NARI academic wins continence research prize

Professor Joan Ostaszkiewicz has been awarded a prize for her aged care incontinence study.

Professor Joan Ostaszkiewicz at the National Ageing Research Institute has won a best research paper prize for her work on continence care in aged care homes.

Professor Ostaszkiewicz (pictured above) was the recipient of a $5,000 funding prize to conduct the research and last month was awarded the Barry Cahill Travel Scholarship for the Best Paper prize at the National Conference on Incontinence in Melbourne.

Almost three-quarters of aged care residents in Australia live with urinary incontinence and the negative impacts associated with the condition, which can drastically affect quality of life for older people.

However, despite the high prevalence of cases, incontinence is a topic all-too-often overlooked and ignored, said Professor Ostaszkiewicz.

“We found that there was inadequate research into the lived experience of people with continence care needs in Australian residential aged care.”

Among NARI’s findings, was that aged care residents would worry that staff would not be able to respond in time to their need for toilet assistance. The research showed that – rather than bothering staff with their continence care needs – many residents would instead anticipate their availability.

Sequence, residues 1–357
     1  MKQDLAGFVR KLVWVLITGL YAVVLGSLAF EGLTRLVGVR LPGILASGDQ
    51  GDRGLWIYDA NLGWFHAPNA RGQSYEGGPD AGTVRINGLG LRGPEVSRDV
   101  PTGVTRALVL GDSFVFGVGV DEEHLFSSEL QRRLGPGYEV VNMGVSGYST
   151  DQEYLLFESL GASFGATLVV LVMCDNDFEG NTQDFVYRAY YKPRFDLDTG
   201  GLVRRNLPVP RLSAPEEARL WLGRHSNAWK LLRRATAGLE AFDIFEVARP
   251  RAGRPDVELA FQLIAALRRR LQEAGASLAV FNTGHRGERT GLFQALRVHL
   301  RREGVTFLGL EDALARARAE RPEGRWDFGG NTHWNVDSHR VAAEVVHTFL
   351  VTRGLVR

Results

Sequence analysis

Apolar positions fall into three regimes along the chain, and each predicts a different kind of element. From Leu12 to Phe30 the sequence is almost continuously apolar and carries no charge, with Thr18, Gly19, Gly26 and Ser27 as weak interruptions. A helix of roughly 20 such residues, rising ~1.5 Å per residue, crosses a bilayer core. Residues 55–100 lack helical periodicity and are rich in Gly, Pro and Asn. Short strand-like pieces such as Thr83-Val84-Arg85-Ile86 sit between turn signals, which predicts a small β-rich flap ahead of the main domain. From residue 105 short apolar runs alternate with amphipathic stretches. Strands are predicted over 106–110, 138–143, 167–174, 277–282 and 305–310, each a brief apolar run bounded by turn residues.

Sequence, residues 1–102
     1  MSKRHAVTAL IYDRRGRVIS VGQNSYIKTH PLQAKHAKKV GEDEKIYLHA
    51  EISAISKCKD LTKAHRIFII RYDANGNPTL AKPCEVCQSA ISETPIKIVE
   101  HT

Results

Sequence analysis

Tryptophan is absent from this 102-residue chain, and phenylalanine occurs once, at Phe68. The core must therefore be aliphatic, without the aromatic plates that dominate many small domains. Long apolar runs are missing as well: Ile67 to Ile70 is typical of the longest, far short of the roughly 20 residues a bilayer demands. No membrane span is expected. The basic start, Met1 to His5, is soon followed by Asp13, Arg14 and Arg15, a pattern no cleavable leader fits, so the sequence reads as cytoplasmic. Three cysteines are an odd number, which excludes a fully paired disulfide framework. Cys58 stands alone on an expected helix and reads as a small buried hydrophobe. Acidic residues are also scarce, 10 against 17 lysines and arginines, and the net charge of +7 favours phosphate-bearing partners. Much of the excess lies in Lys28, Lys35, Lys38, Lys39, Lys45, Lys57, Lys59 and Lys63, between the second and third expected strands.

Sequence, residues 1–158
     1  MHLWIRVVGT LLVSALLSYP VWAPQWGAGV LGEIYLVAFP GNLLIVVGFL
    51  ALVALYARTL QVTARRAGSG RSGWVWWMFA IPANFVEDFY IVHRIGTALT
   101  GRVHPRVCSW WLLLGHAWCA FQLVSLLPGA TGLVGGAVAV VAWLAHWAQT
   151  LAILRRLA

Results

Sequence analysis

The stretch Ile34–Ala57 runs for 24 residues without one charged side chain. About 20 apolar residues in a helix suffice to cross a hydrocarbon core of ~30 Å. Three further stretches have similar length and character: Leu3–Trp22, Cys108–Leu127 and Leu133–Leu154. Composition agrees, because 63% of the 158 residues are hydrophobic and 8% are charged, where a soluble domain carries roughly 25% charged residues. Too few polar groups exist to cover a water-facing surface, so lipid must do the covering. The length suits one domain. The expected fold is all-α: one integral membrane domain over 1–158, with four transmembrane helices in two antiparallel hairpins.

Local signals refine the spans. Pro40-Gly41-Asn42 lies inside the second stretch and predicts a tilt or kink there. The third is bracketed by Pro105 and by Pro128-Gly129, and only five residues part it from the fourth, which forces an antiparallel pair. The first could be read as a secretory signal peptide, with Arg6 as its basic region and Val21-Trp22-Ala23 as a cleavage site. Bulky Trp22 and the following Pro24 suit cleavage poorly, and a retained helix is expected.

“Residents were extremely concerned for staff who they saw as run off their feet,” said Professor Ostaszkiewicz. “It’s so important that residents feel they are able to access help to reach and use the toilet when they need it, from staff who care and understand their needs. But, unfortunately, our research showed in many instances residents don’t feel like they have that access.”

Best practice model of continence care

As previously reported, Professor Ostaszkiewicz’s study was part of a larger program of research, funded by the Continence Foundation of Australia. That resulted in the development of a best practice model of continence care in residential aged care settings.

The document recommends that continence care should be:

  • person-centred through supported shared decision-making
  • clinically informed through an assessment process
  • informed by the best available evidence
  • protects a resident’s dignity
  • optimises a resident’s functional abilities
  • timely and responsive
  • inclusive and respectful of a resident’s culture, diversity, identity and life experiences
  • provided by an appropriately trained and skilled workforce.

“It was really important to us that we listen to those who need the support, and base future planning and models of care around them,” said Professor Ostaszkiewicz.

Main image: Professor Joan Ostaszkiewicz

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